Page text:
The Berlin Wall And The End Of The Wall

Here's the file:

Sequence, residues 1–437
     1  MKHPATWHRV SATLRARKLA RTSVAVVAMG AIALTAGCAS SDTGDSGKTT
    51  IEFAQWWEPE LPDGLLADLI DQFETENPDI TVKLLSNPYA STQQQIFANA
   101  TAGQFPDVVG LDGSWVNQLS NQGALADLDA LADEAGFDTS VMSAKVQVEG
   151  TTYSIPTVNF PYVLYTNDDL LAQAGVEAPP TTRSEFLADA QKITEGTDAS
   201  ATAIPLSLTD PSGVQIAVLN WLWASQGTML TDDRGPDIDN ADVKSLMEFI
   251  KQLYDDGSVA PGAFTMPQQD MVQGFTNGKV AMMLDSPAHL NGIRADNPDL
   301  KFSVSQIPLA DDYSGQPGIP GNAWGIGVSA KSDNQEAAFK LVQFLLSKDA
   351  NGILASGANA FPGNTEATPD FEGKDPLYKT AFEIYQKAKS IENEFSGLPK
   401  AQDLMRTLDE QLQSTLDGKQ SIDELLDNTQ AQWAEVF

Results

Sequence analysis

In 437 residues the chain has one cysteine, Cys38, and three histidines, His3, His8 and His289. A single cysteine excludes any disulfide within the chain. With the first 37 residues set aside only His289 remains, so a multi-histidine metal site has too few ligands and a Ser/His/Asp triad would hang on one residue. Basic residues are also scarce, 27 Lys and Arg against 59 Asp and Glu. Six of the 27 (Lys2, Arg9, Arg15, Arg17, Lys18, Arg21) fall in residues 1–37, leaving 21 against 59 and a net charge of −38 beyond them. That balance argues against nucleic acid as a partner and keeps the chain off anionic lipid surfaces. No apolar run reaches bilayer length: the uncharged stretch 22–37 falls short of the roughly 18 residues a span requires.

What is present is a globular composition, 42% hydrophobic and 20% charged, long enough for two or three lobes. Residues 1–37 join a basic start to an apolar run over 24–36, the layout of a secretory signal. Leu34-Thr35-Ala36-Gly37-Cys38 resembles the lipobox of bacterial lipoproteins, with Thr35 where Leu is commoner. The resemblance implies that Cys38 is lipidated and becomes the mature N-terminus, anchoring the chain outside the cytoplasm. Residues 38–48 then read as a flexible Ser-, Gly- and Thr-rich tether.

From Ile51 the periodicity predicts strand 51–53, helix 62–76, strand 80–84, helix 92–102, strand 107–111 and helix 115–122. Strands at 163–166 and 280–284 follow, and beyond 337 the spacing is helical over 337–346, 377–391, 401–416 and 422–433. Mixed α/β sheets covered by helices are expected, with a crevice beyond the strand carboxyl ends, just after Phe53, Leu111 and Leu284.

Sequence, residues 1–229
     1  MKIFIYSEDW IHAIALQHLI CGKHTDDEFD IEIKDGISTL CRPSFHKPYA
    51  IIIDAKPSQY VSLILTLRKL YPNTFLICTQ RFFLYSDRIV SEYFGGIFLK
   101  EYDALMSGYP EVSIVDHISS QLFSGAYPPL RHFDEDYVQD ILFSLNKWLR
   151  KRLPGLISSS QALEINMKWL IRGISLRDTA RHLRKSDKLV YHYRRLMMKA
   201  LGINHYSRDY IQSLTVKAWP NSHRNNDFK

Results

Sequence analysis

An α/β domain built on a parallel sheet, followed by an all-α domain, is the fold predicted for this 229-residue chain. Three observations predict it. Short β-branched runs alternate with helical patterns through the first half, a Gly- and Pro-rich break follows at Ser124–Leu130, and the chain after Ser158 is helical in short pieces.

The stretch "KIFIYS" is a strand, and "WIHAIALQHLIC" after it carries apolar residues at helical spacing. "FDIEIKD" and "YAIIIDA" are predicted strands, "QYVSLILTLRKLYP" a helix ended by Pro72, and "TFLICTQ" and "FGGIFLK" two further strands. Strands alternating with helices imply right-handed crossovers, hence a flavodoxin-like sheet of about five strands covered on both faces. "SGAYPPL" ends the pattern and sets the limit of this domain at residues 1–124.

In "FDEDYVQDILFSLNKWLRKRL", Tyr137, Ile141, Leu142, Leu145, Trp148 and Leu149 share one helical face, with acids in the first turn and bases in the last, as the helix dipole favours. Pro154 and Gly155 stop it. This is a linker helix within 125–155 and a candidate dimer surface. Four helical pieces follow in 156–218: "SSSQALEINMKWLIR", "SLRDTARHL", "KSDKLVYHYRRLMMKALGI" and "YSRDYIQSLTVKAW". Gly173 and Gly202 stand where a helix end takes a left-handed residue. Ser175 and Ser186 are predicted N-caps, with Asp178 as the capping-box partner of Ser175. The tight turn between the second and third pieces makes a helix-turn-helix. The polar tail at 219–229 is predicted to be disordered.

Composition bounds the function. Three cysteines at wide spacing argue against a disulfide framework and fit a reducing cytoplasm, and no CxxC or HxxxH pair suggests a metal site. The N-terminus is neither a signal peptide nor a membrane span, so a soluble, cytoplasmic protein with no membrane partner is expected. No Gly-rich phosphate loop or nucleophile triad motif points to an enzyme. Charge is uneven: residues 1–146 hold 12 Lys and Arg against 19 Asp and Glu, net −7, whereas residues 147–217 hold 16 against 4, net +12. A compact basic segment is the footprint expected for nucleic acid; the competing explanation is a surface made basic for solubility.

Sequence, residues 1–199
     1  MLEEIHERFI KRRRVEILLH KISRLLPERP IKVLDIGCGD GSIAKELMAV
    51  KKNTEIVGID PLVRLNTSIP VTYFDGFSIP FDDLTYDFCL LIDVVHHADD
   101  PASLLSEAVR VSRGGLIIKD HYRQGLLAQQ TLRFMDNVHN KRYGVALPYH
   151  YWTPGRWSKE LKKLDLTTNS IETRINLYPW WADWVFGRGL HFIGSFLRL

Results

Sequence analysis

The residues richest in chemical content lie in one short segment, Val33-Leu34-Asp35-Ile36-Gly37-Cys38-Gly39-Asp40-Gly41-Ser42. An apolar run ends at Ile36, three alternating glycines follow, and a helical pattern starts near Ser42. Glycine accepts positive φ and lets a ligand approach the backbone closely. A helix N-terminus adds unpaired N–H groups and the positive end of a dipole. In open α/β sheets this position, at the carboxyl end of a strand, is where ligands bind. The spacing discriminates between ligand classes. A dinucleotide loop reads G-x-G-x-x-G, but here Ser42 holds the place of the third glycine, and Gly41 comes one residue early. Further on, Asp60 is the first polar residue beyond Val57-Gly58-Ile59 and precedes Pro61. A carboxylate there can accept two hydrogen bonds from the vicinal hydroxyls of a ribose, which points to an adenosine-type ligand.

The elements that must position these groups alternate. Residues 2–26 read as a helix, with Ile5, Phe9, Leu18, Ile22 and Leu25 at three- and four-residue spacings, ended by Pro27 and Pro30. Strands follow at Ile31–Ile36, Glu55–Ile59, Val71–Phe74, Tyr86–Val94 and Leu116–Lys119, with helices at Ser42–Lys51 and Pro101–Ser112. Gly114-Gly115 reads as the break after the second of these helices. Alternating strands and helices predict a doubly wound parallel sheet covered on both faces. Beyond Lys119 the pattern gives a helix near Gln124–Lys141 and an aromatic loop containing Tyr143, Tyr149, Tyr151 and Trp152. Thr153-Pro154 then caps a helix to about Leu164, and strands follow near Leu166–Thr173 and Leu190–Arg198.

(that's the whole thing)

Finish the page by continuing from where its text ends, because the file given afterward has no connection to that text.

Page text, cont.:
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The Berlin Wall was a fortification established in 1961 in order to separate East Berlin from West Berlin. The wall separated people from their work, home, and family, and the results were devastating. The events that surrounded the destruction of the wall proved that men seek freedom by nature. Many parallels can be drawn from the fall of the wall in 1989 to the end of the embargo that the United States had on Cuba for roughly half a century. Germany was split four ways (see picture to the left) between the United States, France, Britain, and the Soviet Union after World War II. The United States, France, and Britain controlled West Germany and West Berlin in a democracy. Whereas, the Soviet Union controlled East Germany and East Berlin with communism. “About 2.5 million” people fled from East to West Germany between the years of “1949 and 1961.” In Germany the U.S.S.R. built a wall that surrounded West Berlin. The wall was built because they feared that the loss of more people would “threaten” their economy. The wall “symbolized the difference between [how] western democrats and eastern communists” (C., R., & S., 2012) believed that the country should be run. In Germany the USSR built a wall that surrounded West Berlin. They built this wall because they feared too many people were fleeing East Berlin and even East Germany for the freedoms in West Berlin. (History Channel, n.d.), (History , n.d.). The building of the Berlin Wall separated people from their work and
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